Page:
Long-term study on gannet eggs shows mixed trends in perfluorinated compounds

A long-term (>35 year) study using gannet egg contents gathered through the Predatory Bird Monitoring Scheme (PBMS) from two colonies off the UK coast has measured concentrations of perfluoroalkyl substances (PFAS). PFAS are chemically and thermally stable due to their chemical structure and, because of their surfactant properties, they provide stain, water and oil resistance.

This study showed that perfluorooctane sulfonic acid (PFOS) dominated the PFAS profile in eggs from colonies on both Ailsa Craig and Bass Rock. Overtime, the sum perfluorinated sulfonates (PFSAs) concentrations first rose and then fell and  sum perfluorinated carboxylic acids (PFCAs) remained unchanged in early years and then rose. PFOS and perfluooctanoic acid (PFOA) concentrations increased in early years but are now declining, while long-chain odd PFCAs concentrations in eggs are still increasing.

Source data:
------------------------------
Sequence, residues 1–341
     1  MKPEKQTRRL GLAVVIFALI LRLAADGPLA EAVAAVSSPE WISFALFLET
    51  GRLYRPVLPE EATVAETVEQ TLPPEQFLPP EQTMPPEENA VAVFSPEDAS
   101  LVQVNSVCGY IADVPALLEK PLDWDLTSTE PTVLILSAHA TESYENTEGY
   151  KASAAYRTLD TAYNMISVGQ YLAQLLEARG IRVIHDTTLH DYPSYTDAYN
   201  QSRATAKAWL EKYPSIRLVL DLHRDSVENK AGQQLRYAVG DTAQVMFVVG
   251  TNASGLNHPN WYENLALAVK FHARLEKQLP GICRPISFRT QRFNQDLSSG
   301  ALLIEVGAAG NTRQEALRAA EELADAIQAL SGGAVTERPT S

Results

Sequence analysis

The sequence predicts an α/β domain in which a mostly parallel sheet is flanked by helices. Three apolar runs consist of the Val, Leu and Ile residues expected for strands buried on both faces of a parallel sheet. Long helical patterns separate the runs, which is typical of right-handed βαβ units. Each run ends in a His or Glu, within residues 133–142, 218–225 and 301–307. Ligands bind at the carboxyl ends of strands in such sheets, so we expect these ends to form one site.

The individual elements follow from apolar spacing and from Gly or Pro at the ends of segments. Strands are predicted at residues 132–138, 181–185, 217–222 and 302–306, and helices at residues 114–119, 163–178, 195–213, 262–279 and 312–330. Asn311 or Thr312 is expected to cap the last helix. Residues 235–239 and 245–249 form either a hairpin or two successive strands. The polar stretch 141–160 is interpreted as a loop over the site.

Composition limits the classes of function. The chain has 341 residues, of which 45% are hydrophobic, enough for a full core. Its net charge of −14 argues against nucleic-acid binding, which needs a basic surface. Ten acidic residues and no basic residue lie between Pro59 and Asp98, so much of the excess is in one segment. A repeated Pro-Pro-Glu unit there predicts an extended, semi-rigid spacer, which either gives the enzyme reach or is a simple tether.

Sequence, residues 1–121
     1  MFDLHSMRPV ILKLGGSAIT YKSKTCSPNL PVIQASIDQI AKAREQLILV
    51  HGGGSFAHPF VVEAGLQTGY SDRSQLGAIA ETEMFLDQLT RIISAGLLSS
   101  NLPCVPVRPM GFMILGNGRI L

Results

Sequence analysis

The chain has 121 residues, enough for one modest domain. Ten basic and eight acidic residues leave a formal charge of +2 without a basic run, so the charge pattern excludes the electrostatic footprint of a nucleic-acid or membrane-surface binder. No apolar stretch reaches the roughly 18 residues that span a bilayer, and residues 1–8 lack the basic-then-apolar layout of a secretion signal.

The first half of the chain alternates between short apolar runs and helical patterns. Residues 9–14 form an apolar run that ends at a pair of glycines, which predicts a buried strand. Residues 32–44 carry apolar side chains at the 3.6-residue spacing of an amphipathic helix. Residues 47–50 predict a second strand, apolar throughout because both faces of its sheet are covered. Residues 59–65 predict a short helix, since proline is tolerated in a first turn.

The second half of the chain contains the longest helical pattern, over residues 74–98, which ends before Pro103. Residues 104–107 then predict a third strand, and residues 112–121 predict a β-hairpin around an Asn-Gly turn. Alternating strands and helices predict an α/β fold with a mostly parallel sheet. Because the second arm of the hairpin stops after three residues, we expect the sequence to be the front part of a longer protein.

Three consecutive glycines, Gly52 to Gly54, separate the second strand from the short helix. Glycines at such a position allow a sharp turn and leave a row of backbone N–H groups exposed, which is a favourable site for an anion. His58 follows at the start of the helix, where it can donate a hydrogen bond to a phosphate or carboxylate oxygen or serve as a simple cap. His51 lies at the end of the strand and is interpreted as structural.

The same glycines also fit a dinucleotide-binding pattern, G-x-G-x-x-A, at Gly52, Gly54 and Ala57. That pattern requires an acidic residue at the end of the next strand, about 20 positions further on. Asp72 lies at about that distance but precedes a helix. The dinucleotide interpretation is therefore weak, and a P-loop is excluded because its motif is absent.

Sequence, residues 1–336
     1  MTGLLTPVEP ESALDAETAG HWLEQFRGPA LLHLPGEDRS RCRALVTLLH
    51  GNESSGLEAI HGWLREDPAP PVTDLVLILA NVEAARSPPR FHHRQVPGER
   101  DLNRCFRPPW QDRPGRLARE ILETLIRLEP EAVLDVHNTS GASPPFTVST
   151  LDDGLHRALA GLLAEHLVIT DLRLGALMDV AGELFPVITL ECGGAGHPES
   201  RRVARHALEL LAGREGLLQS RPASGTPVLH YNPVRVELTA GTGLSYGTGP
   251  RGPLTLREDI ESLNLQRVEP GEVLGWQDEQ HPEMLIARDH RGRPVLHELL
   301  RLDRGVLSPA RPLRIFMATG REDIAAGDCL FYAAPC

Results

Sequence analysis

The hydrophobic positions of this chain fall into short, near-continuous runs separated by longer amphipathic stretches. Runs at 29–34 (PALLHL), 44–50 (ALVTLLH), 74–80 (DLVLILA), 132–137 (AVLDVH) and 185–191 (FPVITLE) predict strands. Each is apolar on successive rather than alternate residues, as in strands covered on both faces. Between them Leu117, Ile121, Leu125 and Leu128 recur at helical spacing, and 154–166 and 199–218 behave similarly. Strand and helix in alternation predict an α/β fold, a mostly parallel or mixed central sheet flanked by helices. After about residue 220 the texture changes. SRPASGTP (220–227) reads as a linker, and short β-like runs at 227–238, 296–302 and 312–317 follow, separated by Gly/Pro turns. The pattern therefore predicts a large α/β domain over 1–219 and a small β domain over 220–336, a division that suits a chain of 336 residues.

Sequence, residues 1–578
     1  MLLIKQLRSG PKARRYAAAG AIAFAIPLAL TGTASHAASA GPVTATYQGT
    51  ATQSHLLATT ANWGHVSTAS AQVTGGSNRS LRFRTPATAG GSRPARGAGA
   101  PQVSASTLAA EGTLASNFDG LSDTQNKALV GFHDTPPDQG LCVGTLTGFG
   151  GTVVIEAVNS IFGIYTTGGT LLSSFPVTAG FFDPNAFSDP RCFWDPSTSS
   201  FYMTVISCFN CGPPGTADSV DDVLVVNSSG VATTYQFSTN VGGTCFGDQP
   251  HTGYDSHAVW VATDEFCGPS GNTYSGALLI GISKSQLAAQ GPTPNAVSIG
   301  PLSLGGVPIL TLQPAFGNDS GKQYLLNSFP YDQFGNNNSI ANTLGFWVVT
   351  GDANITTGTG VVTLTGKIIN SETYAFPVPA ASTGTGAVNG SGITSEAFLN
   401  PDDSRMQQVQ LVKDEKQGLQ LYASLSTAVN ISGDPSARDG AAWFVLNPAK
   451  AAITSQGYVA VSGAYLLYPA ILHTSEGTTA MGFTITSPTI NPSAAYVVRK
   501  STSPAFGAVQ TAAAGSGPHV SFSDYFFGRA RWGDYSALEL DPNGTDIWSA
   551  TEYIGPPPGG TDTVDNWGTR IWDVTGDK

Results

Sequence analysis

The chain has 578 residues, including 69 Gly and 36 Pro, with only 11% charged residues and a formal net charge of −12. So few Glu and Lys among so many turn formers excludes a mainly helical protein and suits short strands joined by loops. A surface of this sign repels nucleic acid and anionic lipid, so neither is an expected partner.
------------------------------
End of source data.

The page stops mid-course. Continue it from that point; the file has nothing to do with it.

“This paper demonstrates the value of tissue archives such as the one generated and maintained through the PBMS” comments Lee Walker, a co-author on the paper “We are also grateful to all those collaborators that have collected these samples under licence; without their assistance we would not be able to carry out this type of study”.

The article is open access and can be downloaded from ScienceDirect by clicking the doi link below:

Pereira MG, Lacorte S, Walker LA, Shore RF. (2020). Contrasting long term temporal trends in perfluoroalkyl substances (PFAS) in eggs of the northern gannet (Morus bassanus) from two UK colonies. Science of the Total Environment: article 141900 https://doi.org/10.1016/j.scitotenv.2020.141900

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